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Eavan Boland: a generous friend - to poets and poetry alike

Niall MacMonagle pays tribute to a poet of great humanity and curious energy

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LYRIC VOICE: Eavan Boland

LYRIC VOICE: Eavan Boland

LYRIC VOICE: Eavan Boland

Asked how she would like to be remembered in literary history, Eavan Boland replied: "I would rather be in the unidentified chapter ... Because it's more likely to be the human one." And she mentioned "a terrible chapter" in Thoreau's book Cape Cod [1865].

"In it he finds an Irish shipwreck on the beach. And he finds them putting them into coffins from one of the famine ships from Galway, Brid and her sister, and her sister's children ... that is the imaginative area I feel for: not for the individual, romantic intelligence."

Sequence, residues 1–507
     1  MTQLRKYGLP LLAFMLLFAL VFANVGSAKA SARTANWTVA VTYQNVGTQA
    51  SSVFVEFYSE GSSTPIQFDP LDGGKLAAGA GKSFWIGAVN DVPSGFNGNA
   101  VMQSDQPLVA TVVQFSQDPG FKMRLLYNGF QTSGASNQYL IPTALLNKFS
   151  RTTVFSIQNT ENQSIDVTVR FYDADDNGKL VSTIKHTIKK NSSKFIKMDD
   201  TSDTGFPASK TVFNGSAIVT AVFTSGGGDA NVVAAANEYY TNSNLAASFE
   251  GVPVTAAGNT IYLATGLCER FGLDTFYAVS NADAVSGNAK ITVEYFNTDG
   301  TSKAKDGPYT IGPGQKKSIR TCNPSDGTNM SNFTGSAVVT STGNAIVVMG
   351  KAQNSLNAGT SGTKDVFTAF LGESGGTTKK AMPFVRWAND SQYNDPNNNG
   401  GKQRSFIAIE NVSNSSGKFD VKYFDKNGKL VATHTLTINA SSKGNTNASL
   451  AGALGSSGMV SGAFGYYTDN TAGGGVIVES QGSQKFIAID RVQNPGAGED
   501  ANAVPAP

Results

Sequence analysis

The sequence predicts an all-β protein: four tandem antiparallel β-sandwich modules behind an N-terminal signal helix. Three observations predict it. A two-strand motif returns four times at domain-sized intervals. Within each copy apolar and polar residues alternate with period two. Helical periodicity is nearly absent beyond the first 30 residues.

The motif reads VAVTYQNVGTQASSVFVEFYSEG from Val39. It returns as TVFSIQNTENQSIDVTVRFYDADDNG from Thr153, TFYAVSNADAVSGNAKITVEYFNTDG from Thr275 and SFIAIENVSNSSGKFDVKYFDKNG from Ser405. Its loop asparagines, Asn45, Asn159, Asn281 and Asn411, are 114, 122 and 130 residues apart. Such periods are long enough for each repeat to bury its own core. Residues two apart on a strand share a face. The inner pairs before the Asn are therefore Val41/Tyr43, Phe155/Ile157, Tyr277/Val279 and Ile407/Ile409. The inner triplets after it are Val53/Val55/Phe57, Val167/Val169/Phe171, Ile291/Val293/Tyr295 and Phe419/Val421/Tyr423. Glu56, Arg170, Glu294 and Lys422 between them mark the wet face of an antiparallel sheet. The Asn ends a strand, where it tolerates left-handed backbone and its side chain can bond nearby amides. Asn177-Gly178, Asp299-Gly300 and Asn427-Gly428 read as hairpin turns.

When Eavan Boland died last Monday aged 75, beyond the terrible shock and sadness, I remembered her as a friend and, more importantly, a selfless, extraordinarily generous friend to poets and poetry. And above all, I remembered her humanity. She had no ego. Instead, she brought to every situation a focused, rigorous and curious energy. In her poetry and prose, her high intelligence shone.